Treasury Secretary Henry Paulson warned Wednesday that more financial firms would go bankrupt in the United States and that recent market turmoil had "seriously impacted" the economy.
Paulson cautioned that a 700-billion-dollar government rescue package for the financial sector approved last week would not mean an end to backruptcies and that it would take several weeks to put in place.
"One thing we must recognize -- even with the new Treasury authorities, some financial institutions will fail," Paulson said at a news conference.
The aim of the rescue package is for the Treasury to buy up toxic debt being held by banks, but Paulson said it would be "several weeks before our first purchase."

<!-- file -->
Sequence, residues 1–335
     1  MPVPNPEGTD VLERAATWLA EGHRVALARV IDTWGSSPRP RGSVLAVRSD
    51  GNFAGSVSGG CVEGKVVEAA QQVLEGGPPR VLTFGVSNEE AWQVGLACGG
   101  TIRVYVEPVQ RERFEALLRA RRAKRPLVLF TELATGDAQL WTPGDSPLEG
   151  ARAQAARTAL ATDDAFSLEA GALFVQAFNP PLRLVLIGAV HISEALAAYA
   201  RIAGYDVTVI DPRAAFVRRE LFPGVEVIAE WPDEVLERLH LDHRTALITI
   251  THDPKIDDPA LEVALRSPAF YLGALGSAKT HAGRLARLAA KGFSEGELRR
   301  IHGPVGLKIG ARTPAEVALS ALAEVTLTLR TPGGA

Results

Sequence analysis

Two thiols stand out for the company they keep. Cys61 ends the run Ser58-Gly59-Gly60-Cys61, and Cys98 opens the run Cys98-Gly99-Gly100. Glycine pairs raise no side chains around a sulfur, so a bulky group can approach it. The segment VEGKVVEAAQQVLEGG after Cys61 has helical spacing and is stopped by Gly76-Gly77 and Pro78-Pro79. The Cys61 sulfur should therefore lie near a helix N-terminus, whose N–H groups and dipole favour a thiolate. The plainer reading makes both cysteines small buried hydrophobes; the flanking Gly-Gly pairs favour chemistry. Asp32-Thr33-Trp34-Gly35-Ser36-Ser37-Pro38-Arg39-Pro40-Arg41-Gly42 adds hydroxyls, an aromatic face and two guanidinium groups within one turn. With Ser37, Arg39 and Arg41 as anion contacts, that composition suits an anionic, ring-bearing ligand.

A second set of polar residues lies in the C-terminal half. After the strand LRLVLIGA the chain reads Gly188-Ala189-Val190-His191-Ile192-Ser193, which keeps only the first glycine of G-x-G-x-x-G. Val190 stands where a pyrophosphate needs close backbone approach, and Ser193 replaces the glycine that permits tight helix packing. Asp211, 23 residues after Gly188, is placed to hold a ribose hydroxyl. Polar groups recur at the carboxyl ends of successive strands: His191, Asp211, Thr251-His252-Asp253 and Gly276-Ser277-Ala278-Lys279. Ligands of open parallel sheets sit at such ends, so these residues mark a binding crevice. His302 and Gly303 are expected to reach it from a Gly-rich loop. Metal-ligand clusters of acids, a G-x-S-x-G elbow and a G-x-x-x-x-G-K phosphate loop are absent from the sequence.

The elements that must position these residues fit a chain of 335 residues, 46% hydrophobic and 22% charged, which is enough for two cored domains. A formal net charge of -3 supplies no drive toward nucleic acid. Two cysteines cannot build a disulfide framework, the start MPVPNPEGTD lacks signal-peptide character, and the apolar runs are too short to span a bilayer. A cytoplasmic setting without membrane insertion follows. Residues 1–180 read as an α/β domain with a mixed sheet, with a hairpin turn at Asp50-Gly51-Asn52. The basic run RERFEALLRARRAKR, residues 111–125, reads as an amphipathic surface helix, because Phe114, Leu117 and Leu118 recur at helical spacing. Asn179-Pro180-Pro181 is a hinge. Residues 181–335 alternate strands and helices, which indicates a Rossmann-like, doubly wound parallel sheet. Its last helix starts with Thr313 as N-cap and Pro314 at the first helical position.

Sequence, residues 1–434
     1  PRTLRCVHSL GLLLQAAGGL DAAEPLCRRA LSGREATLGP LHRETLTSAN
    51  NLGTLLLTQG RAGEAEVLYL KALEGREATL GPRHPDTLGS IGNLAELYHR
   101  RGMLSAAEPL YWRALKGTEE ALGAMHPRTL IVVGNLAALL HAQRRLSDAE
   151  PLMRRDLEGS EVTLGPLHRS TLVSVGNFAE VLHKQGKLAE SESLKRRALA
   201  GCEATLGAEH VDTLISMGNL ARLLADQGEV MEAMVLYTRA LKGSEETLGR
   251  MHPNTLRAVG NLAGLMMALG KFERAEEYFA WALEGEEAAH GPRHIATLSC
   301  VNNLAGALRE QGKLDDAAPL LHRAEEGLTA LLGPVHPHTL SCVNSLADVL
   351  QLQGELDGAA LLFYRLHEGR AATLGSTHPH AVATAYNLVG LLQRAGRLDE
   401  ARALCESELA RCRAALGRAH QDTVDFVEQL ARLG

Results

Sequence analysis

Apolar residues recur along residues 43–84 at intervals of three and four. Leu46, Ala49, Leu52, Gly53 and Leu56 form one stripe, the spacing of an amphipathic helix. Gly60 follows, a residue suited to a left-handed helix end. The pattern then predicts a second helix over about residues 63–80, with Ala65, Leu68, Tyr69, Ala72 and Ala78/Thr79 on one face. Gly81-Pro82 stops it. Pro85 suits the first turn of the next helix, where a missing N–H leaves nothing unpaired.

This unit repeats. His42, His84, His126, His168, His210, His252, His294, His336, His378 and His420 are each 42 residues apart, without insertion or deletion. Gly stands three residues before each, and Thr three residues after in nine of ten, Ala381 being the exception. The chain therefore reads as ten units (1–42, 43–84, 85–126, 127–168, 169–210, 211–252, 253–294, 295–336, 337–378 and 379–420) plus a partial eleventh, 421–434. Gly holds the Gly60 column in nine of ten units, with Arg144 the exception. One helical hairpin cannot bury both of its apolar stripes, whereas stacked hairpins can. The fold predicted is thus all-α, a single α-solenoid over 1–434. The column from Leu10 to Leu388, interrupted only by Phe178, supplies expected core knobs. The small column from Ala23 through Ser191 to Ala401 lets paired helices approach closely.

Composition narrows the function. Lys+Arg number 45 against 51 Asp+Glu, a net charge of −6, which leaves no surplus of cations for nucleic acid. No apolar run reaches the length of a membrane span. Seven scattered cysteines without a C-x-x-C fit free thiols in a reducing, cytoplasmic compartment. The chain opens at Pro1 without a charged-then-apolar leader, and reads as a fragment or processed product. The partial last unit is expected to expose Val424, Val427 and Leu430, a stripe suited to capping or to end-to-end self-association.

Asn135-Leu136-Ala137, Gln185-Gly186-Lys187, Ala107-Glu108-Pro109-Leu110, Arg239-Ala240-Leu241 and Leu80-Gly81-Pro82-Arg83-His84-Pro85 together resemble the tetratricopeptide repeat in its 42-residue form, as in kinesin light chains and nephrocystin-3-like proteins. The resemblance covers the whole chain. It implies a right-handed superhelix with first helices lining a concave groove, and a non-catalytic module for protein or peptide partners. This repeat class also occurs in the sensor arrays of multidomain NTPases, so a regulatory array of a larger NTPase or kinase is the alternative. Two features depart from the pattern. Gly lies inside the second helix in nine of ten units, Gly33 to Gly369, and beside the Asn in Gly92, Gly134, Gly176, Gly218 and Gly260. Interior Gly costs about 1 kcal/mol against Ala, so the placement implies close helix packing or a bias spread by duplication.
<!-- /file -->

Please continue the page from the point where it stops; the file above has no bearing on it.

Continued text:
The new law "doesn't exist to save every financial institution for its own sake," he added.
Reflecting the international scope of the crisis, Paulson also called for emerging market countries to be included in broad international talks on stabilizing the financial system.
Brazilian officials told AFP that a meeting of central bank chiefs and finance ministers from the G20 emerging and rich country group would take place in Washington on Saturday alongside a gathering of the G7 rich countries.
Paulson said a meeting of the Group of Seven afforded an opportunity to discuss "ways to further enhance our collective efforts."
In comments about the US economy, Paulson underlined that turmoil in the banking sector caused by declining house prices was already reducing growth in the non-finance economy.
"A chain of events caused by the ongoing housing correction has reverberated through US banks and financial institutions and has seriously impacted the underlying economy," he said.